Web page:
For years, we watched him boldly go where no man had gone before and scour the galaxy in search of adventure in that iconic lime green v-neck. Of course, despite what our child selves might have believed, that vast galaxy was actual just a Hollywood studio; no one in the ‘crew’ of the USS Enterprise never really explored the depths of space. Until, that is, this morning, when the man at the forefront of it all, Captain James T. Kirk himself, finally made it to the final frontier, at the ripe old age of 90.
William Shatner, who even if you were too young to watch will surely know the star of the groundbreaking science fiction television phenomenon Star Trek, became the latest celebrity to make headlines as part of what we have affectionately referred to as the ‘Billionaire Space Race’ , as he jetted off in Jeff Bezos’ Blue Origin rocket Thursday morning (NZT). The longtime Hollywood star, who, if you’re not a Star Trek fan you might also know from popular legal-comedy Boston Legal or any of his myriad of guest and cameo appearances in film and television over the years, became the oldest person to ever visit space, surpassing the record set just months ago by 82-year-old industry pioneer Wally Funk, who accompanied Bezos himself on the inaugural Blue Origin flight back in July. The occasion clearly meant a lot to Shatner, who returned from the brief, once-in-a-lifetime adventure visibly moved and emotional. “What you have given me is the most profound experience I can imagine,” he told Bezos after exiting the spacecraft, offloading to him his gratitude for providing the opportunity.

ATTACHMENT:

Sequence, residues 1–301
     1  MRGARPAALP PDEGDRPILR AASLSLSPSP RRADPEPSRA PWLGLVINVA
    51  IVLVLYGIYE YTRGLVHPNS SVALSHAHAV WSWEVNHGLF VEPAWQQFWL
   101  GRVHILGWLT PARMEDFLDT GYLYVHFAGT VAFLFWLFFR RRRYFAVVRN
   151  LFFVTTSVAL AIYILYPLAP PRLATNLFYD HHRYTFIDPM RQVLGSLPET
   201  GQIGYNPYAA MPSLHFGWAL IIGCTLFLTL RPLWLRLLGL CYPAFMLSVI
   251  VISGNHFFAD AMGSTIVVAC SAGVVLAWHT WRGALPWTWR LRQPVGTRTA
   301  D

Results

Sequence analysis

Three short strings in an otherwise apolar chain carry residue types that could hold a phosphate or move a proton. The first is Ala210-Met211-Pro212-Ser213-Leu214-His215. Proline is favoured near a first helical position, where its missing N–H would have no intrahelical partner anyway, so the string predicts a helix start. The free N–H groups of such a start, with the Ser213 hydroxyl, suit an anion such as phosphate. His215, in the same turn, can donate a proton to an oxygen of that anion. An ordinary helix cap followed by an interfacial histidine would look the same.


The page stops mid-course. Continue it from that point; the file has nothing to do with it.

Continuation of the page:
The actor was joined by three others aboard the Blue Origin vessel in what was a short but no doubt spectacular escapade, climbing to a height of around 106km following launch from Blue Origin’s West Texas launch site. As previously stated, the journey was but a brief one, timed at around only 10 minutes, with the four passengers experiencing around three minutes of weightlessness while settled on the edge of space. The spacecraft then parachuted safely back down to Earth, marking another successful flight for Bezos and Blue Origin, who have been locked in a back-and-forth battle for headlines with rival Richard Branson and Virgin Galactic for most of the year. The crossover appeal of having one of television’s most recognisable stars so passionately endorse his operation could be a big boon for Bezos, who, along with contemporaries Branson and SpaceX’s Elon Musk, have been battling not only rival space tourism outfits for attention, but also the litany of critics who have suggested the entire emerging industry is an ill-advised allocation of money and resources. Such a glowing first-hand endorsement from a beloved public figure could go a long way toward shaping public opinion on his venture and the industry as a whole.
But for nonagenarian Shatner, this was all about living out a dream and getting a taste of the life he portrayed on screen for all those years. He may have lost the commanding presence and dashing looks of the iconic character, but it’s clear that Captain Kirk’s endless thirst for adventure still very much lives in the man who played him all these years later.
Image credit to Blue Origin.